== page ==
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Figure 4. Overexpression of wild type or mutant COL4A3 chains induces XBP1 splicing in AB8/13 cells.

(a) Representative experiment of reverse transcription-PCR using XBP1 mRNA as template, from AB8/13 cells transiently expressing COL4A3-WT (A3/WT) or the mutant chains G1334E, G871C, G484R (COL4A3). PCR products were run on 3% agarose gel. It is apparent that over-expression of all chains induces XBP1 splicing, as evidenced by the appearance of the spliced band (s) when the PCR product is cut with the restriction enzyme Pst1. (h) hybrid, (u) unspliced (b) RT-PCR is quantified via densitometric analysis of the bands after PstI digestion as follows: ratio of the spliced band and the sum of the two PstI digest bands (s/(u1+u2), with PstI digestion. Hybrid band (h) was considered as equally contributing to unspliced and spliced bands. There is statistically significant XBP1 splicing when either WT or any of the mutant chains is overexpressed in AB8/13 cells. L19 was used as an internal PCR control. Data are means ± SEM of three independent experiments.

https://doi.org/10.1371/journal.pone.0115015.g004

Discussion

Glomerular MH during early childhood is a common feature of a heterogeneous group of inherited hematuric nephropathies. Specifically, familial MH can be the presenting finding in patients as follows: a) In all young males and nearly all females with X-linked AS due to hemizygous or heterozygous mutations respectively, in the COL4A5 gene. b) In all males and females who inherit ARAS due to homozygosity or compound heterozygosity for mutations in the autosomal COL4A3/A4 genes. c) In nearly all males and females who are heterozygous for mutations in the COL4A3/A4 genes and are diagnosed with familial MΗ due to TBMN. We say “nearly” because incomplete penetrance has been observed by several authors. d) In nearly all males and females who carry heterozygous mutations in the CFHR5 gene, which are responsible for an inherited form of C3 glomerulopathy. A CFHR5 exon 2–3 duplication is endemic among Greek-Cypriots. e) In males and females who inherit glomerulopathy with fibronectin deposits because they carry heterozygous mutations in the FN1 gene for fibronectin [39].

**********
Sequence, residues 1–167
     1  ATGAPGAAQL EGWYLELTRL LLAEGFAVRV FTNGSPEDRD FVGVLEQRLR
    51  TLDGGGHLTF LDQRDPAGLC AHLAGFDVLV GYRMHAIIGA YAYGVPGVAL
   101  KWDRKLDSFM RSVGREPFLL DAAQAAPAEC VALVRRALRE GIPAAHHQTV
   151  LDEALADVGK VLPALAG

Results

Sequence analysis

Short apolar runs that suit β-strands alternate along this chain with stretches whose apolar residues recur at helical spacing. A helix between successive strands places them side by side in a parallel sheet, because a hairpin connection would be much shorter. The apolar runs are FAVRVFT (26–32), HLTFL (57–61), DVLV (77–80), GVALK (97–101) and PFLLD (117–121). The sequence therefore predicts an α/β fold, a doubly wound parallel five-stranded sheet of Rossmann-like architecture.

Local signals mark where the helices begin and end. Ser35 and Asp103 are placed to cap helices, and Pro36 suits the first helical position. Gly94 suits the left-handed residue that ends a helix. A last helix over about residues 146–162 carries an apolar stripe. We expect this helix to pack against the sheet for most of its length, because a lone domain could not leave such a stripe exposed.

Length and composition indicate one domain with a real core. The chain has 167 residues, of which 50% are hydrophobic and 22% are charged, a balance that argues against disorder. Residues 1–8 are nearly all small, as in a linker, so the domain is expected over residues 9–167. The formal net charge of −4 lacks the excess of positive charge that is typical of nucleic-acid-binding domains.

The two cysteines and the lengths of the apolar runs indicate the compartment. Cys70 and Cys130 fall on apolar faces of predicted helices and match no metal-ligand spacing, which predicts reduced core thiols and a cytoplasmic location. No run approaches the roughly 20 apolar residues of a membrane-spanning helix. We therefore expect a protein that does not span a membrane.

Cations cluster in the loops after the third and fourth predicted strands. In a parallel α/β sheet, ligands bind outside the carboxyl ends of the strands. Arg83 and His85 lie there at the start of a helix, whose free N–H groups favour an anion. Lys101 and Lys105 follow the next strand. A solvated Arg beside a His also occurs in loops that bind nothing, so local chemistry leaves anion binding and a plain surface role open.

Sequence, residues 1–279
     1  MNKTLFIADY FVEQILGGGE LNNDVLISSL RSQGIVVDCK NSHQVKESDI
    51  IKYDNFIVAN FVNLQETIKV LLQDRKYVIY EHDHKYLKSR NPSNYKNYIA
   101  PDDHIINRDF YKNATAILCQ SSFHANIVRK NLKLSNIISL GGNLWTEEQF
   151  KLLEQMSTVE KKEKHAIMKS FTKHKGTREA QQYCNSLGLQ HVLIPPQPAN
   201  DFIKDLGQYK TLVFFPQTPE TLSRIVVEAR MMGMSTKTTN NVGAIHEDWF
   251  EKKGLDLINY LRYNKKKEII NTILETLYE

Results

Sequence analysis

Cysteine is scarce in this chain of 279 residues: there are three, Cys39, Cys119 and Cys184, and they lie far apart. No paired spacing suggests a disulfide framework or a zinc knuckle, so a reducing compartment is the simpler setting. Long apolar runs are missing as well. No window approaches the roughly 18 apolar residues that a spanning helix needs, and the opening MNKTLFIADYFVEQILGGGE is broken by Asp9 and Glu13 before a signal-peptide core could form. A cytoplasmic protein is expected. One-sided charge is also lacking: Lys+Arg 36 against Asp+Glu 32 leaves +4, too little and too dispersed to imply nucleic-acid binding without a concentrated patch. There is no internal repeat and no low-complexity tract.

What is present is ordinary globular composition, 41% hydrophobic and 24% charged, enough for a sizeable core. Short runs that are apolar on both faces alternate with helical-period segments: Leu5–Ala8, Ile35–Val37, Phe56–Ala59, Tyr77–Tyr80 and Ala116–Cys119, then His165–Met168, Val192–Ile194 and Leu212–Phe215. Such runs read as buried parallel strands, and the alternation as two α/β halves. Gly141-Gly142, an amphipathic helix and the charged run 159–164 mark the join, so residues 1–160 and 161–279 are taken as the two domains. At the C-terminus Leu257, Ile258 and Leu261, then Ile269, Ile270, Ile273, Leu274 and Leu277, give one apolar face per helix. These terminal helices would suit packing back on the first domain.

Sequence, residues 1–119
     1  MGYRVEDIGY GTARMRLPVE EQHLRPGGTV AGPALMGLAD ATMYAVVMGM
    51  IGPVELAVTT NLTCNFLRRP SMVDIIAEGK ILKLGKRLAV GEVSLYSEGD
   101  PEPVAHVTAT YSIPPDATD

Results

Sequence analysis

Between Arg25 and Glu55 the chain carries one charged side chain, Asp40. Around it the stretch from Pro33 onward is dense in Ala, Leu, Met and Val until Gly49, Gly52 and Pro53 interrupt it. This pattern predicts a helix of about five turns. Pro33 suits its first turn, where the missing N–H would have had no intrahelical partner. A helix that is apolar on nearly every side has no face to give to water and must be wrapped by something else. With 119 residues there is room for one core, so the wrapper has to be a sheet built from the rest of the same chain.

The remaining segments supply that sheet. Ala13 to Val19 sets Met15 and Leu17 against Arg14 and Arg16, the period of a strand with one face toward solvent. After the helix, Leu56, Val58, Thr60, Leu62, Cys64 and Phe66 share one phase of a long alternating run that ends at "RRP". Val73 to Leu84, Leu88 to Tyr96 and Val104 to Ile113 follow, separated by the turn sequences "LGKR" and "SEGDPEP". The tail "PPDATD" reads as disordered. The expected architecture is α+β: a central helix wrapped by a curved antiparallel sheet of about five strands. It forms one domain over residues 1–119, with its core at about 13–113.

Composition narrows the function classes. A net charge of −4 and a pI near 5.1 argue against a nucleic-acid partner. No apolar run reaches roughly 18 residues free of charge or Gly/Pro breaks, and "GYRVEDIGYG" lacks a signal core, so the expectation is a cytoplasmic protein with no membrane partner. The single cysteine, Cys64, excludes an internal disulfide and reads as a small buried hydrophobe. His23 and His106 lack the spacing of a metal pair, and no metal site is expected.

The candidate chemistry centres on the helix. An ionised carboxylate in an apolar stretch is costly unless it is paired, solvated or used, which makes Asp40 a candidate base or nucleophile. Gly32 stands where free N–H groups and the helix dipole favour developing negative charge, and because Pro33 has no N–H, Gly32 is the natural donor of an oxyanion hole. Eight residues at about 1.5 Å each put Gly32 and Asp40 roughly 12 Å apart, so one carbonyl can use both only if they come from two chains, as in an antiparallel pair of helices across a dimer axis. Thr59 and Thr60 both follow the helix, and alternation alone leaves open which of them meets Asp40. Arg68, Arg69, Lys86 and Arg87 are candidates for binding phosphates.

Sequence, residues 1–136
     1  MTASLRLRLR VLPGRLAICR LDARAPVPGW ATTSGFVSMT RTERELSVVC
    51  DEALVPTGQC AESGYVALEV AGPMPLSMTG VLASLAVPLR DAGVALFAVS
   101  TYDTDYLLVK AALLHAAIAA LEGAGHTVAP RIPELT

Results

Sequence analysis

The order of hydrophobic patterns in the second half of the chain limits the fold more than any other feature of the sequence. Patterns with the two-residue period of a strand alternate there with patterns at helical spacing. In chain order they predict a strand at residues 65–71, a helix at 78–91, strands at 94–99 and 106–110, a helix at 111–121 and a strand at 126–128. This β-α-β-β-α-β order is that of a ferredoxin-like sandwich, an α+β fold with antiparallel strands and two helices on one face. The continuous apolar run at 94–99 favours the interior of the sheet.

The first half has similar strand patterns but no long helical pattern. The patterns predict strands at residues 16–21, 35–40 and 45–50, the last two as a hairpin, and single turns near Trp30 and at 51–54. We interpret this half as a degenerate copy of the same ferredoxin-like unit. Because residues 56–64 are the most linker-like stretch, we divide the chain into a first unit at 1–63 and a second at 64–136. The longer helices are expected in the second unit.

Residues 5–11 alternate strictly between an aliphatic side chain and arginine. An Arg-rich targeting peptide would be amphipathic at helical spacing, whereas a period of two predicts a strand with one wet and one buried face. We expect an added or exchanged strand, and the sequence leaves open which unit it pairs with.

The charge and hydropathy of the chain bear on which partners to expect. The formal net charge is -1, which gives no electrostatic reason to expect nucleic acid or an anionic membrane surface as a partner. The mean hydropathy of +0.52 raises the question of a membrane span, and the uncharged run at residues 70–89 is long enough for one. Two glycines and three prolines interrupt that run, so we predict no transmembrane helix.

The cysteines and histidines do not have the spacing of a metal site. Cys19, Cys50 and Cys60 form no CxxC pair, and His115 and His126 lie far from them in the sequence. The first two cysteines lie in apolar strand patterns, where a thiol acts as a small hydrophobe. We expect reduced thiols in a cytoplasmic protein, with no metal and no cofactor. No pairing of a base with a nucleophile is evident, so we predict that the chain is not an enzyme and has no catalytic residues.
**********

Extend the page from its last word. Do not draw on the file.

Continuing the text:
Genetics studies

It is currently well established that a variable but significant percentage of TBMN patients carrying heterozygous COL4A3/A4 mutations develop later added proteinuria and CRF [1], [40]. Similar findings have been reported by several groups [7], [41], [42]. In fact some authors have data concerning extrarenal findings and ultrastructural observations that support the diagnosis of autosomal dominant AS [7], [17]. Herewith we were only interested in investigating the prevalence of heterozygous COL4A3/A4 mutations among patients with familial MH, excluding classical AS. Our interest stemmed from previous observations that suggested a fairly high frequency of such mutations in the Greek-Cypriot population. We investigated patients from 57 families with ≥3 patients, consecutively referred to our center.